In electoral viability, even if the Greens were to be on every state’s Presidential ballot,there is no second round of voting for Presidential elections like in Austria, Finland, or France, so they would need to win outright by the electoral college [1], meaning gaining enough majorities in enough states, not just winning the popular vote, which would be a near impossible challenge. With nowhere near the resources to run a national campaign that would be comparable to those of the Republicans or Democrats, the Greens would really have to revolutionise how campaigns are done, or financed, to be a formidable opposition. Evidence from Bernie Sander’s campaign shows that even this is not enough.

It doesn’t take much to see that the US presidential system is not built to give a fair chance to third party candidates. Even if the other choices are as problematic as Hillary Clinton or Donald Trump, their undesirability is no match for the systematic discrimination against third parties by the US presidential election process. Given these circumstances, the case for voting Green at the presidential level may just be too hard to make.

Building from the bottom up

That is why a very common critique of the Green Party of the US isn’t just that they have unrealistic policies, but also unrealistic political goals. Currently the GPUS only has local representatives, 117 in total, without a single elected representative in a state or national legislature. In the past, the Greens in total have had four state representatives, only two of which ran as Greens and the other two switching after being elected. Plenty of other candidates have run unsuccessfully in the GPUS’s 30-year history and the explanation of their defeats could be any number of factors which are beyond the scope of this article.  Regardless, in a country that has around 520,000 elected officials, getting beyond 117 seems like a reasonable goal.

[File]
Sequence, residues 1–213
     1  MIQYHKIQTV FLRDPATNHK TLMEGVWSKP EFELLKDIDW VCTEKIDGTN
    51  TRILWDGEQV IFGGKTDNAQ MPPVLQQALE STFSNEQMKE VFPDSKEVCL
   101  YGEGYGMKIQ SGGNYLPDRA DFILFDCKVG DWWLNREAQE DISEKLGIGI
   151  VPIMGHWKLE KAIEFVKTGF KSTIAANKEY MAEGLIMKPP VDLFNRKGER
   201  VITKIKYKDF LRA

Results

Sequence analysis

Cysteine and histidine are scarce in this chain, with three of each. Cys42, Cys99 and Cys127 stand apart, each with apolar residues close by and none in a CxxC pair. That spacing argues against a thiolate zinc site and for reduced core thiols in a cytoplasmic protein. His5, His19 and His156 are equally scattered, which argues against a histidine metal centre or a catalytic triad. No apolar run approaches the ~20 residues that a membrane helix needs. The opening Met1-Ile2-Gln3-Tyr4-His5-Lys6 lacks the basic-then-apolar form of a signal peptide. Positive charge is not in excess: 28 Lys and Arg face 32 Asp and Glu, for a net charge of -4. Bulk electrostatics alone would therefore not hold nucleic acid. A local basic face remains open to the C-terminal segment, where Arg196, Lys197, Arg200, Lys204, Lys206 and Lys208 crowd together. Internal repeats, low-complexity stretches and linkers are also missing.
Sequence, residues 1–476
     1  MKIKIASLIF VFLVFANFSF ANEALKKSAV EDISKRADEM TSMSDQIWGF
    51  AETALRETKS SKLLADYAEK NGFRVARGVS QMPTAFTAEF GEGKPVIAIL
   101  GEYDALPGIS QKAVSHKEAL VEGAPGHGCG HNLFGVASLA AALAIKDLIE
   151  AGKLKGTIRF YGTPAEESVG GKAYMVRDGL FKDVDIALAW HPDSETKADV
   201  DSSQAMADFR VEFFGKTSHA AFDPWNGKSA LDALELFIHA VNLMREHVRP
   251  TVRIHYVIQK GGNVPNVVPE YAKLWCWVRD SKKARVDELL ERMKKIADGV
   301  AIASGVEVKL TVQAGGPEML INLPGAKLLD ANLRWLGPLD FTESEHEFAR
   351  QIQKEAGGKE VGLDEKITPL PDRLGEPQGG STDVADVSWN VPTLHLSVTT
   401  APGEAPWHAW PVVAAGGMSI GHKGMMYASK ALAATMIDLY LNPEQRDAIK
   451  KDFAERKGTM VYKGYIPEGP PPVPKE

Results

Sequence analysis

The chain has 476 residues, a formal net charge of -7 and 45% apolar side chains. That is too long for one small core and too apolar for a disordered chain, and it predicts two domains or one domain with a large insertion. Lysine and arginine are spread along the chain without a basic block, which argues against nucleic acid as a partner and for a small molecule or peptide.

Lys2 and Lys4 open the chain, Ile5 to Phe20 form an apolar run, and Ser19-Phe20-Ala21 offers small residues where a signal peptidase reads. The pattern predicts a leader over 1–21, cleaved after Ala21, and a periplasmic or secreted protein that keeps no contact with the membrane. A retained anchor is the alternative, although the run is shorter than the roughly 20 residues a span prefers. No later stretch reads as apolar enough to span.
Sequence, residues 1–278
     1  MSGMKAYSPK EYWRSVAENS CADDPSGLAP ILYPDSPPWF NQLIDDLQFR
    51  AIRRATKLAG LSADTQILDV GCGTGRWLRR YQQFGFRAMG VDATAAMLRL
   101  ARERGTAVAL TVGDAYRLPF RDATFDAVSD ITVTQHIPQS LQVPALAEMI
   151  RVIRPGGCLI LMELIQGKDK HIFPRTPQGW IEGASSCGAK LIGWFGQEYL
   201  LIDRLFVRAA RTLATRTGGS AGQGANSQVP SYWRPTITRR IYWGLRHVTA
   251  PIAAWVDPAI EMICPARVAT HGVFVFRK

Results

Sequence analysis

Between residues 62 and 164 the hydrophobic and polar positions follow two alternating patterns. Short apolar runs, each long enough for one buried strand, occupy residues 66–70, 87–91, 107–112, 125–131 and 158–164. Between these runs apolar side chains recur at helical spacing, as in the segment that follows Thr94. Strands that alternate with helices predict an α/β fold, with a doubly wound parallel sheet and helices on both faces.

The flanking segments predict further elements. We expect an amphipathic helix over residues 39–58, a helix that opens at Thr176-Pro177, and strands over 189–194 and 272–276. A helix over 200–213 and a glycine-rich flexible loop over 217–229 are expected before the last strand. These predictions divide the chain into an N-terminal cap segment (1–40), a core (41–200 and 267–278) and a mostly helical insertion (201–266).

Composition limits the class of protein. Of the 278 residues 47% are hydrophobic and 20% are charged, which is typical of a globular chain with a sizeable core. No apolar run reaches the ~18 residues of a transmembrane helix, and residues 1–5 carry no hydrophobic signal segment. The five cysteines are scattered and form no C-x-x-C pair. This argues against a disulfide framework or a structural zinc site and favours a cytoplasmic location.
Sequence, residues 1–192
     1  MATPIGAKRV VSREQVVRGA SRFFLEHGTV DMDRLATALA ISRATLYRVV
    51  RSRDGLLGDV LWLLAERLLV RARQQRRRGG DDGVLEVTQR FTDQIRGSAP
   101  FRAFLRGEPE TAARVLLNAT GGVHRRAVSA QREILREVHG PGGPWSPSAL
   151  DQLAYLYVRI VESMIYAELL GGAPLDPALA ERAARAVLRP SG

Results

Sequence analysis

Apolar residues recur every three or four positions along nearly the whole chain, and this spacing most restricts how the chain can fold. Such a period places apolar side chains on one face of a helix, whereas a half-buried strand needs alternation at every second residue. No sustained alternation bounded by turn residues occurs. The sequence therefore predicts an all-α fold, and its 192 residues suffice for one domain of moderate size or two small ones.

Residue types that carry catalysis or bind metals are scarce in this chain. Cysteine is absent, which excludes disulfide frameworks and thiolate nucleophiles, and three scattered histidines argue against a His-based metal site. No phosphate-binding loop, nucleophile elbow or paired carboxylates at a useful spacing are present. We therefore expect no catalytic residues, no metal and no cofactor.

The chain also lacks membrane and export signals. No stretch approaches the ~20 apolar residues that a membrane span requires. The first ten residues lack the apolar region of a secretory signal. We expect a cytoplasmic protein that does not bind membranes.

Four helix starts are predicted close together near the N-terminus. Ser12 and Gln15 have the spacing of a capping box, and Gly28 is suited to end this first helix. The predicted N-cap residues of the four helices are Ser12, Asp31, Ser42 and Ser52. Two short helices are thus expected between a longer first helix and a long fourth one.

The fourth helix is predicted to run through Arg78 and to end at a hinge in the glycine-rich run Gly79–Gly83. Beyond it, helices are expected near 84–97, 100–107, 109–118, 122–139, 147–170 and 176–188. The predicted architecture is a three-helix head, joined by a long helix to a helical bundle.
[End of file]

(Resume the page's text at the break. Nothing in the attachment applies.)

Founded in 1984, the GPUS was the result of activists who felt disenchanted by the Reagan-era politics of the time and were looking for an alternative option to the ineffective Democratic Party. Taking inspiration from the Greens of West Germany, they created ‘10 Key Values,’ which still serve as their basis today. The Party went through the usual growing pains of a political party, with a split over a debate in whether or not it would require all state members to ask their members to pay a membership fee which lead to two Green Parties in the US which still exist today- the Green Party of the US (GPUS) and the Greens/Green Party of the USA (GPUSA). Stein’s party GPUS, still requires no membership fee from its members’, just like the Democratic and Republican Parties